So, writing: yes. The 365 writing prompts: not quite.
Be back soon.
So, writing: yes. The 365 writing prompts: not quite.
Be back soon.
Write about a rocket-ship on it’s way to the moon or a distant galaxy far, far, away.
When I think about space travel, I think about Carl Sagan’s pale blue dot. I think about how small we are in the grand scheme of things–an indistinguishable speck in our galaxy, which is an indistinguishable speck in the universe.
This thought can be both terrifying and reassuring. It’s terrifying to imagine us hurtling through space, one of countless insignificant specks doing the same thing. But we’re also part of something. We’re made up of the same simple molecules that everything else is. And as insane and hectic as the world can be, it won’t last forever. But we get to be part of it now and that’s a beautiful thing.
Aside: in an alternate universe, I really like biology and I’m a space nutritionist.
I’m not going to get to my writing prompt today. I have been looking out for more professional writing opportunities and a time sensitive one landed in my lap this afternoon. I’ll catch ya’ll tomorrow!
Write about two people seeing each other for the first time.
Last weekend, when I cosplayed Eleven from “Stranger Things,” I walked into a neighborhood 7-11 (there are two) and bought a Coke for my costume. Fake congealed blood gel appeared to drip out of my nose. As I pulled out my money and the cashier whispered, “Are you okay?”
“Oh, yes, no-this is just a costume,” I replied. She looked skeptical but handed me my change. “Have a good one!” I said.
Totally didn’t blog today because I was obsessed with cross stitching.
What’s for breakfast? Dinner? Lunch? Or maybe you could write a poem about that time you met a friend at a cafe.
[My world revolves around food so this prompt isn’t too painful. In this post, I’ll talk about food deserts, nutrition, eating disorders and disordered eating, and maybe what I had for lunch.]
I am a graduate student in a nutrition program, completing a food policy practicum. For the last few years, I’ve studied nutrition in school. Prior to that, I did a major life/diet overhaul that included de-conversion from Christianity and a fairly restricted diet (not recommended unless medically necessary) and spent a lot of time obsessed with what I was going to put in my mouth. I struggled with an eating disorder in Bible College (but who hasn’t?) and remember that the first time I thought about dieting, I was about 5 years old. Disordered eating was the norm for most of my life.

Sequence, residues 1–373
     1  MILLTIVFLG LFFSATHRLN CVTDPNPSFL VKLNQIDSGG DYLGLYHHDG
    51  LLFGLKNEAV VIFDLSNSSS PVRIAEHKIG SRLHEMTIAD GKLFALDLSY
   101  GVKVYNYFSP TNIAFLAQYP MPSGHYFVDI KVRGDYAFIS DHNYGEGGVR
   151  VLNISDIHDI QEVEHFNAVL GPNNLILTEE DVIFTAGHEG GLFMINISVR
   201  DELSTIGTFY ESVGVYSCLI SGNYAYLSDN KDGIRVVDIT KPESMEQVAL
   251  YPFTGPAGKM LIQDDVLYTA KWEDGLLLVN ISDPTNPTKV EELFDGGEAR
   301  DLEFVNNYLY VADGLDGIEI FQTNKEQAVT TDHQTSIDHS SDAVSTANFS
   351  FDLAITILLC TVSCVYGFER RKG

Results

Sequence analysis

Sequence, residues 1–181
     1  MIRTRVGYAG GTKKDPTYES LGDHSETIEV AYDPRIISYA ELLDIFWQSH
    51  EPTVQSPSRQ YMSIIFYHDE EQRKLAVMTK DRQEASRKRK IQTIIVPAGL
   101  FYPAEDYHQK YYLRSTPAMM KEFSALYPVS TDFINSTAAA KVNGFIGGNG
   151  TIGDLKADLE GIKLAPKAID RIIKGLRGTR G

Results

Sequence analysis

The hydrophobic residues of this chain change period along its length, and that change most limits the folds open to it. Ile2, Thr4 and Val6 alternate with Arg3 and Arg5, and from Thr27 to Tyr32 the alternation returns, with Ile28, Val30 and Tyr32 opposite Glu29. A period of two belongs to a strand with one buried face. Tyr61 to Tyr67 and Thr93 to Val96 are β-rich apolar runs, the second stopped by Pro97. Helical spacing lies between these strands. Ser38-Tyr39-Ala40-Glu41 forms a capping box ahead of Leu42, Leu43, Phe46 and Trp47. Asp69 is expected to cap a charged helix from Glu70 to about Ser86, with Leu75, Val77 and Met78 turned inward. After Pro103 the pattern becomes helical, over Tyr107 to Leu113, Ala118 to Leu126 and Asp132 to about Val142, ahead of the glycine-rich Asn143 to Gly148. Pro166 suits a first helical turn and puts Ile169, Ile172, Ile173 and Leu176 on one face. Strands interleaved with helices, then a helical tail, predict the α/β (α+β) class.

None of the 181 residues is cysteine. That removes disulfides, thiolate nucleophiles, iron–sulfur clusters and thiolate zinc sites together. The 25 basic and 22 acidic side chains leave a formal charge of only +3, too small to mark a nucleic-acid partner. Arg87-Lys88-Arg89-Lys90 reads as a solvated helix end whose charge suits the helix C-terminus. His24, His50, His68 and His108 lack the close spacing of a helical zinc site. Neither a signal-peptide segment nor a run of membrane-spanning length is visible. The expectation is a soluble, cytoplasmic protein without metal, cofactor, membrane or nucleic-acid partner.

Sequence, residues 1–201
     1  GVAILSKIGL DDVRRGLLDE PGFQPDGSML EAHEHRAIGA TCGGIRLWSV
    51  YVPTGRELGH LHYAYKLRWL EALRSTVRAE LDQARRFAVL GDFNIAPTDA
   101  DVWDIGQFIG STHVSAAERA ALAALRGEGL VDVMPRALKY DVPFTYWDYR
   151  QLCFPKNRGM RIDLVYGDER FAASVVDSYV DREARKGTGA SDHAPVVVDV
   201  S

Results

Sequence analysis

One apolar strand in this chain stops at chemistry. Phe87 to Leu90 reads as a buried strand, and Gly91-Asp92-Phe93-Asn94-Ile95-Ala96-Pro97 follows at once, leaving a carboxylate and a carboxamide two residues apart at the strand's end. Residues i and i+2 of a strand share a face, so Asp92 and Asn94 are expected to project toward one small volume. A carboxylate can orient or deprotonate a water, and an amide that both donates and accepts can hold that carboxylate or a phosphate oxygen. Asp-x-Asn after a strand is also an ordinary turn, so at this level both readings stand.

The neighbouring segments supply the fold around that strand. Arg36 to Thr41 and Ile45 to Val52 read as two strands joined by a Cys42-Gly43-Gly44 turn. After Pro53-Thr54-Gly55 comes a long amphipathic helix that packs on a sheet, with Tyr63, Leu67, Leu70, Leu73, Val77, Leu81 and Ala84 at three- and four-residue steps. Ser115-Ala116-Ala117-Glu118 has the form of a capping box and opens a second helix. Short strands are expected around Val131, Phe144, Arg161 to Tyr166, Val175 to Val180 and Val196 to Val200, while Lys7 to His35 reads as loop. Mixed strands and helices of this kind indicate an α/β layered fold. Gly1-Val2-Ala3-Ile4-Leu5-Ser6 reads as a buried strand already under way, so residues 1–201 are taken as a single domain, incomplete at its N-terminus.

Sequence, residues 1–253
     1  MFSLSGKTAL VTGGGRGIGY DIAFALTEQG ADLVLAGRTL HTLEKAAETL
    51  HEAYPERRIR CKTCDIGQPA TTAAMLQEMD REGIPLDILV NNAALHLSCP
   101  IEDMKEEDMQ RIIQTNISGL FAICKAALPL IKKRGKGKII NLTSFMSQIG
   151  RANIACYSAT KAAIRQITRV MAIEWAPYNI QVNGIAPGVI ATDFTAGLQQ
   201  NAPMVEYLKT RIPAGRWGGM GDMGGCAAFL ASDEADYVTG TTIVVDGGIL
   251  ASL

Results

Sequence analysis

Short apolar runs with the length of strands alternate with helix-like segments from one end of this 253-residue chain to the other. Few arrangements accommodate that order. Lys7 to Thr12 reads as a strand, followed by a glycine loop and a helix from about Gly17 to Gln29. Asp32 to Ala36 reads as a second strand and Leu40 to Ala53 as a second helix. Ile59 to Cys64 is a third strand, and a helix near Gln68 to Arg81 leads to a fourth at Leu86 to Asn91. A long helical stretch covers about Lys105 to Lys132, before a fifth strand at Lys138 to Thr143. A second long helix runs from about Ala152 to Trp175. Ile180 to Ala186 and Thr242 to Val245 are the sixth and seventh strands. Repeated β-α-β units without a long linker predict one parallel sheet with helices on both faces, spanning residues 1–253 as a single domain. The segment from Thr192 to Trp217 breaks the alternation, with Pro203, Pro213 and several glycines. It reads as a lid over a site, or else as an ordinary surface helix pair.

As you probably know, if you’re reading this, I also started a food blog (welcome!) a few years back to share about my experiences eating a restricted diet. And as you may know, this blog is rediscovering its identity! And more importantly, I’m also in grad school! Hence, the periods of absence followed by my recent short posts in response to writing prompts.
Back to food. Or is it about food? A lot of my mental health struggles presented in my obsessive food behaviors. Getting good mental health care has made a huge difference in my ability to regulate my intake and build regular exercise and movement that I enjoy into my days on the planet. All in all, food doesn’t take up the same mental space it used to. This allows me to focus on the study and policy of…food.
I started working in June with a food policy group nestled in the city government. We look at how to leverage legislation to promote affordable food across Baltimore City. Roughly 25% of residents live in food deserts, areas where it’s hard to get fresh, affordable food. Through strategic planning and collaboration, we work to make it easier for folks to get healthy food for their families.